Capital market participants positively welcomed these new EU issuances, given the beneficial features of the bonds. EU is a supranational entity with a sound credit profile, hence its solid triple-A rating. EU bonds are 0% risk-weighted, LCR level 1 eligible, and benefit from privileged treatment under Solvency II. The issuance’s eligibility for the ECB bond purchase programmes (the pandemic emergency purchase programme and the public sector purchase programme) further heightens its attractiveness. In terms of pricing, the 10-year bond was priced at 3 bps over mid-swaps, while the 20-year bond priced at 14 bps over mid-swaps. The bonds provided a new issue premium of 1 and 2 basis points, respectively.
As a follow-up to this initial issuance, the EU targets a social package amounting to EUR 100 billion within the upcoming year. Furthermore, it aims to finance almost a third of the recovery fund with green debt, making itself a dominant player in the global market for green and social bonds. With the bloc planning to ramp up bond issuance in the coming months as part of its recovery scheme, this high level of investor interest should serve as a preview of what is to come.
What comes next for social bonds?
The pandemic is far from over, and social concerns surrounding employment preservation and healthcare will remain pivotal to the recovery. Given this, coupled with the high levels of investor interest, we see room for the social bond market to expand and diversify further. Still, the usual suspects will likely remain the main issuers – agencies, supranational organisations and financials. Currently, they comprise 52%, 24% and 12% of total market share respectively (see Figure 2). The majority of social bonds are euro-denominated; with the EU’s ambition to penetrate the market, this should remain the case or even increase.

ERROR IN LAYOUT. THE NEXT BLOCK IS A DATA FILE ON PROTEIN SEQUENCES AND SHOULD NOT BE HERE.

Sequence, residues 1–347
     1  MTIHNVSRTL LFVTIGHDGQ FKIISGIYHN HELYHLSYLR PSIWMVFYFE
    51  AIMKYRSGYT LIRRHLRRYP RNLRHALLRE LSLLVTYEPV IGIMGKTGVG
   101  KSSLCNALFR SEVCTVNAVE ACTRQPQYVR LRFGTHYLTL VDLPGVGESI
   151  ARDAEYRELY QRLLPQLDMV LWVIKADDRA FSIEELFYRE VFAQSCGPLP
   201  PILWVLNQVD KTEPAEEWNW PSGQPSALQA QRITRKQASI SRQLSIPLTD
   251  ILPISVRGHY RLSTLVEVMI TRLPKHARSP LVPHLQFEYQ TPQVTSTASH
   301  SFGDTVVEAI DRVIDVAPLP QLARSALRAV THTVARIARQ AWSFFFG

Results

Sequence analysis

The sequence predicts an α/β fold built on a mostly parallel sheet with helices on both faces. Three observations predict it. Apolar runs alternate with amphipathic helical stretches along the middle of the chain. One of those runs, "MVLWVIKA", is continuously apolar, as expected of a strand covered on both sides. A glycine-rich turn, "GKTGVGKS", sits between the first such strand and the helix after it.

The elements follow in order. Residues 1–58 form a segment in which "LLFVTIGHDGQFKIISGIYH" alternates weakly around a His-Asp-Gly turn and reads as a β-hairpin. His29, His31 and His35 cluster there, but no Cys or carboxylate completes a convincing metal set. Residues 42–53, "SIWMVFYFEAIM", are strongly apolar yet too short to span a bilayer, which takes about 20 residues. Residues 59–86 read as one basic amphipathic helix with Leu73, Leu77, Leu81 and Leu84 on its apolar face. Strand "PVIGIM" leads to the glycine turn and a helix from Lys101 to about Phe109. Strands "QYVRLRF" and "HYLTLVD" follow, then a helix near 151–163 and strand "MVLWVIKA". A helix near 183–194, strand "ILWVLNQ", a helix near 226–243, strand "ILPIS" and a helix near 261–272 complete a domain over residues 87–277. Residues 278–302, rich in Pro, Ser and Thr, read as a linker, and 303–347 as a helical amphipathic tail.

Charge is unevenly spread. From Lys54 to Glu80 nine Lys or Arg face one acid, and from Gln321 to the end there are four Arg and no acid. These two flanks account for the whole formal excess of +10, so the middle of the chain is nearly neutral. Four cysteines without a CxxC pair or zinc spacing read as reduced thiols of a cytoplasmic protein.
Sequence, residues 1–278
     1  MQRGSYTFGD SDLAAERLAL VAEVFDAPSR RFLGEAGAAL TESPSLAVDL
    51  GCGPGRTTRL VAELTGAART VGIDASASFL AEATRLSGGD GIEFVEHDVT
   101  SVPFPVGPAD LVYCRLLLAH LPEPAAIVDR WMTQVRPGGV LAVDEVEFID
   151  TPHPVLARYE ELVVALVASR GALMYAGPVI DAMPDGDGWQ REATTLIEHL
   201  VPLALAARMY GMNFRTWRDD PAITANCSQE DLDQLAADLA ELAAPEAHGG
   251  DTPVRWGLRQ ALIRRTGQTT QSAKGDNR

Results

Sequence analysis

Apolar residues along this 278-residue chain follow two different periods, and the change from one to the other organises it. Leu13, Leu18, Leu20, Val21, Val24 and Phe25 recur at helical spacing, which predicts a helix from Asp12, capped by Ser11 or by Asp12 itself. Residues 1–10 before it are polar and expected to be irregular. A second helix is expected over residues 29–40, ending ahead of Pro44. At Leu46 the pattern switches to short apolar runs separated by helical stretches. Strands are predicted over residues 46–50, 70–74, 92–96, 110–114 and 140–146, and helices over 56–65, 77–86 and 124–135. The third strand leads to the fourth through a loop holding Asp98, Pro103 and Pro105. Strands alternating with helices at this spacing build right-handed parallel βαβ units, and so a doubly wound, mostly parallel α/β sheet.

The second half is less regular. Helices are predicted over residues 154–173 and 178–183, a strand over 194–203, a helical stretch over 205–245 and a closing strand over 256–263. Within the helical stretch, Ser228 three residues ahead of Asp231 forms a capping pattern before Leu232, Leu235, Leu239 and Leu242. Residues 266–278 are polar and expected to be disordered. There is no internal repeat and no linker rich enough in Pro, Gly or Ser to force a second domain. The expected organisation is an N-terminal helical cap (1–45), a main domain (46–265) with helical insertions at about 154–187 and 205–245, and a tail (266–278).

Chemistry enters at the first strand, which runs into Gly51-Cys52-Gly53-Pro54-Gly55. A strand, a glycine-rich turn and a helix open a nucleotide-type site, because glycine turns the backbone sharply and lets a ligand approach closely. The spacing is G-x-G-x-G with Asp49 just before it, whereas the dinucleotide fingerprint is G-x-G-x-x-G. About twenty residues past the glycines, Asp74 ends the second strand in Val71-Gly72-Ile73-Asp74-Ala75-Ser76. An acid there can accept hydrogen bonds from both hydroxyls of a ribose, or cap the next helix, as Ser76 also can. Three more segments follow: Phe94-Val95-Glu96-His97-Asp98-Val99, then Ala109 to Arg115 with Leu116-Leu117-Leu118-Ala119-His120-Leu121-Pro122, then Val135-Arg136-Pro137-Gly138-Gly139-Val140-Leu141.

Figure 2: Current market composition
Source: Bloomberg, NN Investment Partners (22 October 2020)
This expansion could push the market into a new stage of growth, even after the pandemic is behind us. The European Commission has recently taken the initial steps towards the creation of a social taxonomy that would complement its green taxonomy, announcing the formation of a working group on the topic. Such a development could further encourage a broader range of market participance to enter this space. For instance, corporate issuers that wish to address fundamental social issues across their businesses and supply chains could increasingly seek financing via social bonds. At present the corporate social segment is a long way behind the green bond market, where corporate issues account for almost half of the total market and are increasingly diversified, with issues from a broad spectrum of companies.
The risk of socialwashing